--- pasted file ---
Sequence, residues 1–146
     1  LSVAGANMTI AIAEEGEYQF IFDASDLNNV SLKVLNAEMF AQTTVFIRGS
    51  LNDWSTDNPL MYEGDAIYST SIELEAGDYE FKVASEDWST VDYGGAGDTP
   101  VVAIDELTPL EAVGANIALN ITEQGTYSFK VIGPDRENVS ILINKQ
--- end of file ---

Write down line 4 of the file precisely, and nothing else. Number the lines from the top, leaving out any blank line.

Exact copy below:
   101  VVAIDELTPL EAVGANIALN ITEQGTYSFK VIGPDRENVS ILINKQ